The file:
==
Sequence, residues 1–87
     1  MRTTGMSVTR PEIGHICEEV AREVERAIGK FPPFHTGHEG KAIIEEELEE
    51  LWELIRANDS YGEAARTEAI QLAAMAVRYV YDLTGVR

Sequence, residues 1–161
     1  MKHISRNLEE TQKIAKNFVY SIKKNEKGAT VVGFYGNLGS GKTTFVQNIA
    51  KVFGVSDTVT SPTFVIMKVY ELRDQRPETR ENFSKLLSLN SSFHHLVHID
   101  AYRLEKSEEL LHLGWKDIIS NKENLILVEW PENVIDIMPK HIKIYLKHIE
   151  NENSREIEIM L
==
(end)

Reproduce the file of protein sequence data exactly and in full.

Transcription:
Sequence, residues 1–87
     1  MRTTGMSVTR PEIGHICEEV AREVERAIGK FPPFHTGHEG KAIIEEELEE
    51  LWELIRANDS YGEAARTEAI QLAAMAVRYV YDLTGVR

Sequence, residues 1–161
     1  MKHISRNLEE TQKIAKNFVY SIKKNEKGAT VVGFYGNLGS GKTTFVQNIA
    51  KVFGVSDTVT SPTFVIMKVY ELRDQRPETR ENFSKLLSLN SSFHHLVHID
   101  AYRLEKSEEL LHLGWKDIIS NKENLILVEW PENVIDIMPK HIKIYLKHIE
   151  NENSREIEIM L